According to the American Sleep Association (ASA), 50-70 million people in the U.S. have some sort of sleep disorder. Insomnia is the most common disorder, followed by obstructive sleep apnea and snoring.
Sleep deprivation can lead to heart problems, obesity, diabetes, asthma, arthritis, depression, and chronic kidney disease.
Everyone’s sleeping needs are different, but to function properly during the day, you need at least 5-6 hours of sleep. This is when the body goes through deep regeneration and rest, and the brain processes the information it absorbed the previous day.
Check out these seven useful tips on how to get more deep sleep and wake up well-rested and feeling great the next morning.
1. Remove All Electronics From the Bedroom
Want to know how to get deep sleep without interruptions? Don’t sleep in a room full of electronic devices.
Not only are they distracting, but they also emit blue light which can hinder your ability to fall asleep. Not to mention screens put an enormous strain onto your eyes and make your brain stay active to process useless information.
2. Boost Your Melatonin Production
Melatonin is the hormone your body produces at night that’s responsible for making you sleepy. One of the reasons why you’re not getting enough deep sleep can be a melatonin deficiency.
This can wreak havoc on the body and lead to a host of physical and mental issues like depression, heart problems, and reduced focus and productivity.
The body typically starts producing the most melatonin around 9-10 pm. In normal conditions, this is when you’d start to get sleepy and drowsy. However, if your melatonin levels are low or disrupted, consider taking supplements to help balance them out. You should also try sleeping in a completely dark room and remove all sources of light before bed.
3. Avoid Caffeine Before Bed
If you go to bed at a decent time but have trouble actually falling asleep, coffee may be the culprit. Look into the amount of caffeine you consume during the day and see what time you have your last coffee of the day.
Caffeine is a strong substance and the body needs several hours to completely flush it out of the system. For example, if you had your last coffee at 4-5 pm, your body may still have caffeine in it at 10-11 pm. Some people metabolize caffeine faster, and others slower.
To see if coffee affects your sleep, do an experiment and reduce your consumption or eliminate it altogether. You can have decaf coffee during the day to help you transition, but some teas and energy drinks also have caffeine, so be careful.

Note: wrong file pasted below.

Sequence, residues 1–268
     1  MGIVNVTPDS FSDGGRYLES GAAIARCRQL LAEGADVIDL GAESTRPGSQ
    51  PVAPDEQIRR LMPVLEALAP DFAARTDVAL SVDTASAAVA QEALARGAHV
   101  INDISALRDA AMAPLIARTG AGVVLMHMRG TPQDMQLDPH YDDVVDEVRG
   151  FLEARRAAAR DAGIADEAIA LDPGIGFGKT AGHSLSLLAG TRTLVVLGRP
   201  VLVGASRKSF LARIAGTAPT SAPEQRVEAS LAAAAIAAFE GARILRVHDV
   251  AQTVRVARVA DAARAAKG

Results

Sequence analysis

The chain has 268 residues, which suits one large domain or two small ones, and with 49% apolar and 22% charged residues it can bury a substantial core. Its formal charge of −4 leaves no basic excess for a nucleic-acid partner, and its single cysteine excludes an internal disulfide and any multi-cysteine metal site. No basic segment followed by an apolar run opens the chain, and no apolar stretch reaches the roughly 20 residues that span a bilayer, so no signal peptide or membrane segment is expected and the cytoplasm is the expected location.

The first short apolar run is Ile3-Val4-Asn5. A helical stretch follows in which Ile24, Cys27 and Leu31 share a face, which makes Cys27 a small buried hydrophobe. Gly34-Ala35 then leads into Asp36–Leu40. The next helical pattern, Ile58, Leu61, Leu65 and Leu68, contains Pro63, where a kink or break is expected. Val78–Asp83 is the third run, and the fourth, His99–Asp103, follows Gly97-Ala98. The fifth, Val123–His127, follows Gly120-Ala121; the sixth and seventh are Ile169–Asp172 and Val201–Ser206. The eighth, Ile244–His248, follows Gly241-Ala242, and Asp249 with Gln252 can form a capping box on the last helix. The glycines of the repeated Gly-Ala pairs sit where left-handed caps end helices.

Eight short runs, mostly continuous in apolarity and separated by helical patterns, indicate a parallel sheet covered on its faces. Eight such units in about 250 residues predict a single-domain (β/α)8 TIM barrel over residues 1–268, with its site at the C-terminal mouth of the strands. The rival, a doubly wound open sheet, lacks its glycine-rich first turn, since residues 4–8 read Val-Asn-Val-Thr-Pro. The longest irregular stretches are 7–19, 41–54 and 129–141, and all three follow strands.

4. Create a Bedtime Routine
You can actually learn how to fall asleep easier and it’s not by counting sheep. Notice your habits a couple of hours before bedtime. Are you on your phone scrolling through social media? Do you drink coffee at night or leave your daily exercises for the evening?
These activities can overstimulate your body and brain, making it difficult to fall asleep. This is why you need to create a bedtime routine which should begin depending on how much deep sleep should you get to wake up rested.
The routine should include relaxation activities and winding down rituals, and you should go to bed at the same time every night, weekends included.
5. Get a New Mattress
One of the most common reasons why you can’t get quality sleep is an old, low-quality pillow and mattress.
A pillow that’s too soft and doesn’t provide sufficient support for the head and neck can lead to breathing problems and disrupted sleep. A mattress that doesn’t support the back and consists of low-density materials can lead to back problems and sleepless nights.
The best mattresses are made of high-density memory foam that’s breathable, adapts to your body weight and shape, and is firm enough to survive your tossing and turning. High-quality mattress brands like Layla Sleep don’t come cheap, but you get what you pay for.
6. Synchronize Your Sleep Cycle
Sleep occurs in several cycles, but not all of them are deep sleep. One cycle is around 90-120 minutes long and there are 4-5 in one complete sleep cycle.
You get the best quality sleep in the hours between 11 pm and 2 am, which means if you’re not in bed by 11, you’re automatically disrupting your sleep cycle. Also, 8 hours of sleep from 11 pm to 7 am are not the same quality as sleeping from 1 am to 9 am.
Want to know exactly how much deep sleep do you need per night? Use a sleep cycle calculator or alarm clock that does this for you. You shouldn’t wake up in the middle of a cycle, i.e. interrupt it, as this leads to grogginess and fatigue. Go for complete sleep cycles because this way, no matter how many hours you sleep, you’ll wake up well rested.
7. Reduce Your Stress Levels
Stress is the no. 1 enemy of your mental and physical health, and consequently, your sleep. If you have a stressful, fast-paced job or you’re going through a personal rough patch and not getting enough rest, your sleep will suffer.
The brain produces stress hormones that make the nervous system overly-alert, even at night. When stress reaches a peak point, you start getting less and less sleep and may even struggle with insomnia.
One of the most effective ways to reduce stress is to meditate for 10-15 minutes before bed. You can also do some light yoga, listen to soothing music, have a cup of Valerian tea or do your bedtime routine.